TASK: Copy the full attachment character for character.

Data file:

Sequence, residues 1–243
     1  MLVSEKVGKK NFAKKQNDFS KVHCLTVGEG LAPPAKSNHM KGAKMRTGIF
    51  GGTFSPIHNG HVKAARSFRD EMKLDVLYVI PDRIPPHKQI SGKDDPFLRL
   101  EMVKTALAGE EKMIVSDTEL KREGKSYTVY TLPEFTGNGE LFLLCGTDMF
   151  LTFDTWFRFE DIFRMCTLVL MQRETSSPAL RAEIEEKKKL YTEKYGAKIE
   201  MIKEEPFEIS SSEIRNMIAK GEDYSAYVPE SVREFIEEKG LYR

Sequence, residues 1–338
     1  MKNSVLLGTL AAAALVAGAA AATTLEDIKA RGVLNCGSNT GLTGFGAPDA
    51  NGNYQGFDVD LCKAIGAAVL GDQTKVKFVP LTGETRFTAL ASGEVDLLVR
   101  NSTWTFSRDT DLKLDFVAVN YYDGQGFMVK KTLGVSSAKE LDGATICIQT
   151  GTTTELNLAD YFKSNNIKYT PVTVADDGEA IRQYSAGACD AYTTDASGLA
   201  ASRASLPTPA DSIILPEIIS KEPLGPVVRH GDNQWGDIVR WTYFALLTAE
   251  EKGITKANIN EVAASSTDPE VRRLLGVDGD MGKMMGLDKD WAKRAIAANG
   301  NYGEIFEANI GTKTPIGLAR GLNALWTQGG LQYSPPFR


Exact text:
Sequence, residues 1–243
     1  MLVSEKVGKK NFAKKQNDFS KVHCLTVGEG LAPPAKSNHM KGAKMRTGIF
    51  GGTFSPIHNG HVKAARSFRD EMKLDVLYVI PDRIPPHKQI SGKDDPFLRL
   101  EMVKTALAGE EKMIVSDTEL KREGKSYTVY TLPEFTGNGE LFLLCGTDMF
   151  LTFDTWFRFE DIFRMCTLVL MQRETSSPAL RAEIEEKKKL YTEKYGAKIE
   201  MIKEEPFEIS SSEIRNMIAK GEDYSAYVPE SVREFIEEKG LYR

Sequence, residues 1–338
     1  MKNSVLLGTL AAAALVAGAA AATTLEDIKA RGVLNCGSNT GLTGFGAPDA
    51  NGNYQGFDVD LCKAIGAAVL GDQTKVKFVP LTGETRFTAL ASGEVDLLVR
   101  NSTWTFSRDT DLKLDFVAVN YYDGQGFMVK KTLGVSSAKE LDGATICIQT
   151  GTTTELNLAD YFKSNNIKYT PVTVADDGEA IRQYSAGACD AYTTDASGLA
   201  ASRASLPTPA DSIILPEIIS KEPLGPVVRH GDNQWGDIVR WTYFALLTAE
   251  EKGITKANIN EVAASSTDPE VRRLLGVDGD MGKMMGLDKD WAKRAIAANG
   301  NYGEIFEANI GTKTPIGLAR GLNALWTQGG LQYSPPFR